The project was sponsored by the Swedish innovation agency, Vinnova. The company in focus was Axis Communications, the large Swedish manufacturer of network-based solutions in the areas of physical security and video surveillance. Our collaboration with Axis goes back for over a decade, which made it easier to navigate the complexity of a large organization like this. We also partnered with Swedish waste company Hässleholm Miljö for their expertise in recycling solutions and systems.
To investigate the challenge we initiated a 1,5 year research project mapping the requirements needed to enable electronics manufacturing companies to address sustainability across all parts of the value chain.
It’s urgent to speed up the transition towards more sustainable and circular solutions if we are to reach the 2030 climate goals, and we understand the great responsibility that we have as designers. We see that the necessary transition is a big challenge for many companies and that many of our clients struggle to take the next step, to move from small incremental improvements towards real transformation and new business opportunities.
During this project we have also taken into consideration criticism of the circular economy model and other possible solutions. The circular economy may not be the only or the fix-all solution, but it is the model that both EU and Sweden has identified as the key strategy for society to adjust and meet the high goals that exist both nationally and globally to cope with the climate crisis, and we can expect large investments and legislations to accelerate this transformation in the next few years. Electronics have been pointed out as one of the next important focus areas in this process. They are often built in complex ways, consist of valuable components and resources, are difficult to recycle efficiently and are rarely produced close to the market. Most electronics do not qualify for Cradle-to-Cradle certification.
For 1.5 years, our team of designers and design engineers has studied key obstacles and opportunities for the transition towards more sustainable and circular offerings, and how to scale up the solutions. The starting point was some of Axis bestselling surveillance cameras. From there we zoomed out to the entire value chain to take a position on how similar companies can better respond to requirements and opportunities regarding sustainability.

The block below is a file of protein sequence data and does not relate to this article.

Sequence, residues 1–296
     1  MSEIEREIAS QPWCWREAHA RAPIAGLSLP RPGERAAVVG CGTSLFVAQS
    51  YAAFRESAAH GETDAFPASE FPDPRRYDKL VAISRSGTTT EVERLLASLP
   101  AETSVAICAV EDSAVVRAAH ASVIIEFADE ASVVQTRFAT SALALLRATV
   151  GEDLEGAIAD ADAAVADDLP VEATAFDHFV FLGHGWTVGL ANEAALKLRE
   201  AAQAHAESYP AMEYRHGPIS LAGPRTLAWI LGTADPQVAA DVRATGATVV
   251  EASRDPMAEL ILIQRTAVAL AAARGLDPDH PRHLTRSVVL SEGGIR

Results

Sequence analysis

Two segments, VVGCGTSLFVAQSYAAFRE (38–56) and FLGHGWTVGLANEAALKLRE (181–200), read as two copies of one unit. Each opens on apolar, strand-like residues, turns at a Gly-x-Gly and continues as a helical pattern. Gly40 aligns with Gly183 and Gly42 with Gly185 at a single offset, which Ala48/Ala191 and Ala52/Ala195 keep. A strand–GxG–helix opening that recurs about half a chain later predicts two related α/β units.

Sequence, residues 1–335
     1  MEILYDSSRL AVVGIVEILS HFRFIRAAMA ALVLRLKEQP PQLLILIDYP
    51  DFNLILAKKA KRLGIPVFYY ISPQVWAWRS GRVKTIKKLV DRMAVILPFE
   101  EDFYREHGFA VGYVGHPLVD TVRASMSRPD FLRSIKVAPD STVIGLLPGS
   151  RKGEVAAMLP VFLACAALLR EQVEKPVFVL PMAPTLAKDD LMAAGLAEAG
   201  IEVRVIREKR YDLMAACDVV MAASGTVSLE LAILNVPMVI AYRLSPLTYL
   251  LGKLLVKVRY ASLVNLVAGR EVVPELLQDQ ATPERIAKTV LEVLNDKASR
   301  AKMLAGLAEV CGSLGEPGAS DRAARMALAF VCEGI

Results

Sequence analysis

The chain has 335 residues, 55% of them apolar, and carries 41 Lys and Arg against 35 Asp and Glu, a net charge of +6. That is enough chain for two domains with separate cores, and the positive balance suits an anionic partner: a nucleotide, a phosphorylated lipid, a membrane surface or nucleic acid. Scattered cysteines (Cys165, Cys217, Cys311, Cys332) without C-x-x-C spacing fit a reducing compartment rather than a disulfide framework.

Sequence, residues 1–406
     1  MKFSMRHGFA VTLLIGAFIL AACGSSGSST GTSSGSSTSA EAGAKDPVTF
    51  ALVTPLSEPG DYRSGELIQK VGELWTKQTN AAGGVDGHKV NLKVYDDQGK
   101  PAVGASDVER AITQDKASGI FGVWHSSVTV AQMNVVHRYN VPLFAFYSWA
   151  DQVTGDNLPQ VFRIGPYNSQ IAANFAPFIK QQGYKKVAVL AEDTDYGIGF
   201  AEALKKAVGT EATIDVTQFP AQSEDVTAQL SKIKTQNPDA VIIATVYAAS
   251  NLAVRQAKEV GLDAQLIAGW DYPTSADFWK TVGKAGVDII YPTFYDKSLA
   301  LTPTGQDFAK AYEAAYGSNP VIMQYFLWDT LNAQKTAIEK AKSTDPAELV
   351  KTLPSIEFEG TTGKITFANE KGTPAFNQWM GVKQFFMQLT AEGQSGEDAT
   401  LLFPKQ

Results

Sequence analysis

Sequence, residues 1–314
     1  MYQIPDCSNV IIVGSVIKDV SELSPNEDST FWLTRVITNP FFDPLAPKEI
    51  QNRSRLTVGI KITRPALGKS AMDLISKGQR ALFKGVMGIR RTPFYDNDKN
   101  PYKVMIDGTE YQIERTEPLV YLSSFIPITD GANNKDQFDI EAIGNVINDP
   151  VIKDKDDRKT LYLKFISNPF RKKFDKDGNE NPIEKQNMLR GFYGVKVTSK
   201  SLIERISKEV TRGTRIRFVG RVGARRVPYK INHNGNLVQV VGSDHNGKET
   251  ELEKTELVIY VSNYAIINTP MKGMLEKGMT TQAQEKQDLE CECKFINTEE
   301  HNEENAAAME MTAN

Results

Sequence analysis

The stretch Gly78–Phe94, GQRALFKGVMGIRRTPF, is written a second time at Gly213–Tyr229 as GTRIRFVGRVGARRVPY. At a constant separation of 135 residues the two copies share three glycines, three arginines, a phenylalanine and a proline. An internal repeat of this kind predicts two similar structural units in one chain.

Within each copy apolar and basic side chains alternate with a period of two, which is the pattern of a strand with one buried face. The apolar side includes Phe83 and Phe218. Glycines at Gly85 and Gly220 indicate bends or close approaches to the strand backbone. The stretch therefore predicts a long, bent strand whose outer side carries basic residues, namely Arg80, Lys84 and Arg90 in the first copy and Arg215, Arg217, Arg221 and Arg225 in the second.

With input from Axis, Hässleholm Miljö and a large number of other stakeholders, we mapped out the entire existing value chain. We conducted interviews and workshops, carried out study visits and desk research, and attended lectures and seminars. From the collected knowledge, we developed unique visual models and diagrams of the different resource flows and decision-making processes to map obstacles and opportunities for change. From here, we conceived a number of different future scenarios and developed visionary concepts to explore possible future opportunities.
Electronics and plastics
This project has enabled us to deep dive into the properties of electronics and plastics. Electronics products often contain a large number of different plastics with many different additives, to meet fire and safety regulations etc. This makes it close to impossible to recycle these plastics today, unless we create closed cycles and minimize complexity. Standardized labeling and efficient separation in the recycling process is a challenge that needs to be solved. In the future we may be able to recycle these plastics chemically by separating on a molecular level, however the process is very energy intensive so it will not be a preferred solution if not absolutely necessary.
Electronics age fast, even more so in today's smart integrated systems and it is a challenge to make them attractive over a longer period of time. The growing “right to repair” movements in both the EU and the US emphasizes the growing demand for making these products easier to upgrade and repair.
Think more resource-oriented
So far, the general sustainability focus has mostly been on CO2 emissions and recycling, when it really should be more resource focused. It is still important to phase out toxic materials and to design for more recycled materials, but unfortunately that won’t cut it. One major reason to think more resource-oriented is the coming shortage of many critical raw materials. Several of these are part of critical components and are a prerequisite for many of the important technologies of the future. Key in the transformation towards more circular and sustainable design solutions is to maximize the use of resources, to extend the use-phase as much as we possibly can and then ensuring the most responsible and effective recycling.
Shift business focus
Companies need to be prepared to shift business focus from selling products, to selling the benefits of the products, which may require services and digitization in the business offering. To achieve this we need to consider new offerings for product ownership and user behavior and to rethink and redesign our products to extend the life cycles through repair, maintenance, upgrading, resale and remanufacturing etc. As a result, companies must probably challenge their suppliers and other important stakeholders in the value chain to think new and innovative, because collaborations are the key forward and we see many promising examples starting here.
The design process will be a key enabler in this transition and developing new design solutions and services will prove necessary to enable the desired change and to fit these new business models.
The project has resulted in a report (that can be requested from Vinnova) of which we list some of the conclusions and insights below. We hope this can help you get new perspectives and highlight possible obstacles and opportunities that you may not yet have considered, but perhaps already can act on.